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Facebook's No Swearing Campaign Section 182 P34b - Is This A Hoax?
A recent viral graphic purportedly from Facebook founder Mark Zuckerberg has been getting plenty of attention.
The graphic is a simple note stating that those who swear while interacting on their Facebook accounts will receive a warning, followed by a permanent ban if the profanity continues.
However there are many inconsistencies in this message which show that it's quite obviously a hoax, possibly in relation to recent studies about the rate of profanity on Facebook.
No Swearing Campain
As of March 20/2014 we at Facebook will be launching a “No Swearing” Campain, Anyone caught using profanity will have their account locked further a pending investigation.
This due to the new laws issued by our legal department (section 182 P34b) as new advertisers have petitioned for a “cleaner” family friendly social network.
If a user continues to use profanity the account will be shut down and a permanent ban will be placed into effect immediately.
- Mark Zuckberg
Facebook community standards DO state that you can't harass, bully or go over the top with adult content. Swearing may be ok, but make sure you use it in the appropriate context to meet the Facebook community standards.
Issues With The Message
- Spelling errors: There are some obvious spelling errors in the message. For example campaign has been spelt campain
- "Laws issued by our legal department...": The legal department may issue directives, advice or rules, but Facebook is not a governing body, so would not be enacting 'laws'.
- Graphic only: Why is this message being copied and pasted or displayed in the form of a graphic? In previous changes to the site, the information has either been posted in the Facebook blog, in large messages at the top of the home account screen, or via email so that we know it's official.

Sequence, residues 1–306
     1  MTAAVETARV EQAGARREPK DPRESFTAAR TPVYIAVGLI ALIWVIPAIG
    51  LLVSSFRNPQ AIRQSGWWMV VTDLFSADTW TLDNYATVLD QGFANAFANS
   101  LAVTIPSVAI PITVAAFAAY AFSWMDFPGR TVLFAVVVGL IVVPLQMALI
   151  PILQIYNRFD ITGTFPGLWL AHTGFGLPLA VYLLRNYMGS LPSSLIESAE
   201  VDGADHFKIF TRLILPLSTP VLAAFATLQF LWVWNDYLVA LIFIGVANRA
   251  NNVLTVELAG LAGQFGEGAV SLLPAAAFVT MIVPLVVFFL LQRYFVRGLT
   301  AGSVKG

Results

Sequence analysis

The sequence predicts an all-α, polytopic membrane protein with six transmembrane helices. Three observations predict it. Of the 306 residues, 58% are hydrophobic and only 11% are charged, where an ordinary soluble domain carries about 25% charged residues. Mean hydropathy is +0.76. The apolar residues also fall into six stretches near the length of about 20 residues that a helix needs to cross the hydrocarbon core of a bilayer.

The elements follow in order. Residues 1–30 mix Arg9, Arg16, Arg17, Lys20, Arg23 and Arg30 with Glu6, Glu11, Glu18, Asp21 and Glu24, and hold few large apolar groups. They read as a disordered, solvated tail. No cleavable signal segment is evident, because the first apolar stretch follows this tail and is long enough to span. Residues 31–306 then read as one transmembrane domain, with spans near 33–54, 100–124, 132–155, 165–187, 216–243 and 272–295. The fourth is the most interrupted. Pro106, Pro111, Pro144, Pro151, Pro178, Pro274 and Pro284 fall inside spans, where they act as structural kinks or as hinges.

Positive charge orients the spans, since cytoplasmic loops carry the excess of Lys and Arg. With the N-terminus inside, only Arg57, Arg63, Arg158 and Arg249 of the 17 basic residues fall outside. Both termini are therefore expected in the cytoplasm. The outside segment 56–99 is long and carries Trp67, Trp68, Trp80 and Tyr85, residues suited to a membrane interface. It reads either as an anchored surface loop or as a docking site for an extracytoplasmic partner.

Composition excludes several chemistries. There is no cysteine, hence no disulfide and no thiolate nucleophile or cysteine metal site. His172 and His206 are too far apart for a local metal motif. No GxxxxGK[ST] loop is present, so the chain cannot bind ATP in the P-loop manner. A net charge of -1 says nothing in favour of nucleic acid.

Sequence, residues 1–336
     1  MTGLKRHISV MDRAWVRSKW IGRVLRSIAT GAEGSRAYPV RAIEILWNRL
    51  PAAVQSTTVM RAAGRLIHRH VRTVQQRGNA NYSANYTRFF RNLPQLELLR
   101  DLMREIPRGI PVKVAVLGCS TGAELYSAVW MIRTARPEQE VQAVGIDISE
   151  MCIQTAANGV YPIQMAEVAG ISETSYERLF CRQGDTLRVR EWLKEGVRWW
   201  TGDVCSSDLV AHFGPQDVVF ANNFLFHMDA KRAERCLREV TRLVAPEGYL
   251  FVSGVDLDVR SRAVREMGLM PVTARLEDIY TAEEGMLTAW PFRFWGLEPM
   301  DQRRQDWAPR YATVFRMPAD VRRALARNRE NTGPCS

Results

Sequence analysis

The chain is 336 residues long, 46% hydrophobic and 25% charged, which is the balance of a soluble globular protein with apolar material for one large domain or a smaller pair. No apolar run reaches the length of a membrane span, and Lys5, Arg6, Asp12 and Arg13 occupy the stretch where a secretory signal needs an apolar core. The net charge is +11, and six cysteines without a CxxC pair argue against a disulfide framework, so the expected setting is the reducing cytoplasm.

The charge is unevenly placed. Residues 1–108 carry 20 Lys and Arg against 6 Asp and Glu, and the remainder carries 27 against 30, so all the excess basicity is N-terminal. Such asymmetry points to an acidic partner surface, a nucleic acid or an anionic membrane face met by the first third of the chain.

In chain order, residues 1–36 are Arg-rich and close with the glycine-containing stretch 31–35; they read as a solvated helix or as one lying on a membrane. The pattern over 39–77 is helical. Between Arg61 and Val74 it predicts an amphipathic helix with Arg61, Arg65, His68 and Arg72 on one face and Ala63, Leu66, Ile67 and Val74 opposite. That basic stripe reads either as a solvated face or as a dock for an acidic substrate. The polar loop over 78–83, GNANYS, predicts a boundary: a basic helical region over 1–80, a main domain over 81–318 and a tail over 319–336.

- Social media isn't buzzing: If this was in fact true, you'd know about it. Every tech group and social media platform would be buzzing with this information and possible repercussions and work arounds. Currently, they're not.
- Logistically impossible: See the next section - enacting this type of rule would lead to a huge amount of work on an already overworked system, monitoring something quite difficult to fully track.
- Section 182 P34b: To date, Facebook has never used this type of format on their rules or terms of service. At most, they use a single number and letter. This sounds more like an attempt to sound official by using a scary sounding legal extract.
Logistics of Applying This New Rule
According to a new study by Mashable, almost half of Facebook walls contain some form of profanity.
With latest statistics indicating that Facebook has 1.11 billion accounts, the quoted 47% would equate to more than 500 million accounts being at risk of being closed. The question of whether acronyms such as "WTF" would also be called into question, as would using swear words on graphics. This would make people feel far too censored to openly communicate on Facebook much longer.
This would also put a huge new workload on already overworked Facebook moderators and cause an increase in paid staff, once again lowering the profit margin for a site which in recent years has started to show a decline in profits.
Chances are that at least some of the accounts closed would belong to big Facebook advertising spenders, even further cutting Facebook's profits when they took their money elsewhere.
Why Did This Hoax Start?
Following on from Mashable's study regarding the high levels of profanity on Facebook, it's quite likely that someone decided to take this issue into their own hands.
By creating a fake warning about the risks of swearing on the social media site, they may have been attempting to dissuade users from using profanity for fear of losing their accounts.
Unfortunately they didn't do a very good job!
Current Profanity Rules Already in Place
Facebook has already carefully covered the angle of profanity with rules and options for members.
- There is nothing in the rules about profanity as long as it is not used to harrass or insult someone through racism or prejudice. "It is a serious violation to attack a person based on their race, ethnicity, national origin, religion, sex, gender, sexual orientation, disability or medical condition."
- Page owners can already block posts based on profanity, or on particular words.
- Page owners can block users from their page by age, limiting content to a certain mature age group.